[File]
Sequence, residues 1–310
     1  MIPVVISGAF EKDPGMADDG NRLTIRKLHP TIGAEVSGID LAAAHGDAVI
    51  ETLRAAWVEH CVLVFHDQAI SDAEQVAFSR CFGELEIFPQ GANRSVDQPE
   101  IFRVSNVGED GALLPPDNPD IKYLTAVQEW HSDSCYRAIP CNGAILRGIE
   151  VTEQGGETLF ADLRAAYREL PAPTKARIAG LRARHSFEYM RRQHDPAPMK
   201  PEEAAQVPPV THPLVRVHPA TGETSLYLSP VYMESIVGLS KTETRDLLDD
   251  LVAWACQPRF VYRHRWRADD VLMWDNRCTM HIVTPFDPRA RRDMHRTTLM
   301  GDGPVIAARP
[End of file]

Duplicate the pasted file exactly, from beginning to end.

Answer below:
Sequence, residues 1–310
     1  MIPVVISGAF EKDPGMADDG NRLTIRKLHP TIGAEVSGID LAAAHGDAVI
    51  ETLRAAWVEH CVLVFHDQAI SDAEQVAFSR CFGELEIFPQ GANRSVDQPE
   101  IFRVSNVGED GALLPPDNPD IKYLTAVQEW HSDSCYRAIP CNGAILRGIE
   151  VTEQGGETLF ADLRAAYREL PAPTKARIAG LRARHSFEYM RRQHDPAPMK
   201  PEEAAQVPPV THPLVRVHPA TGETSLYLSP VYMESIVGLS KTETRDLLDD
   251  LVAWACQPRF VYRHRWRADD VLMWDNRCTM HIVTPFDPRA RRDMHRTTLM
   301  GDGPVIAARP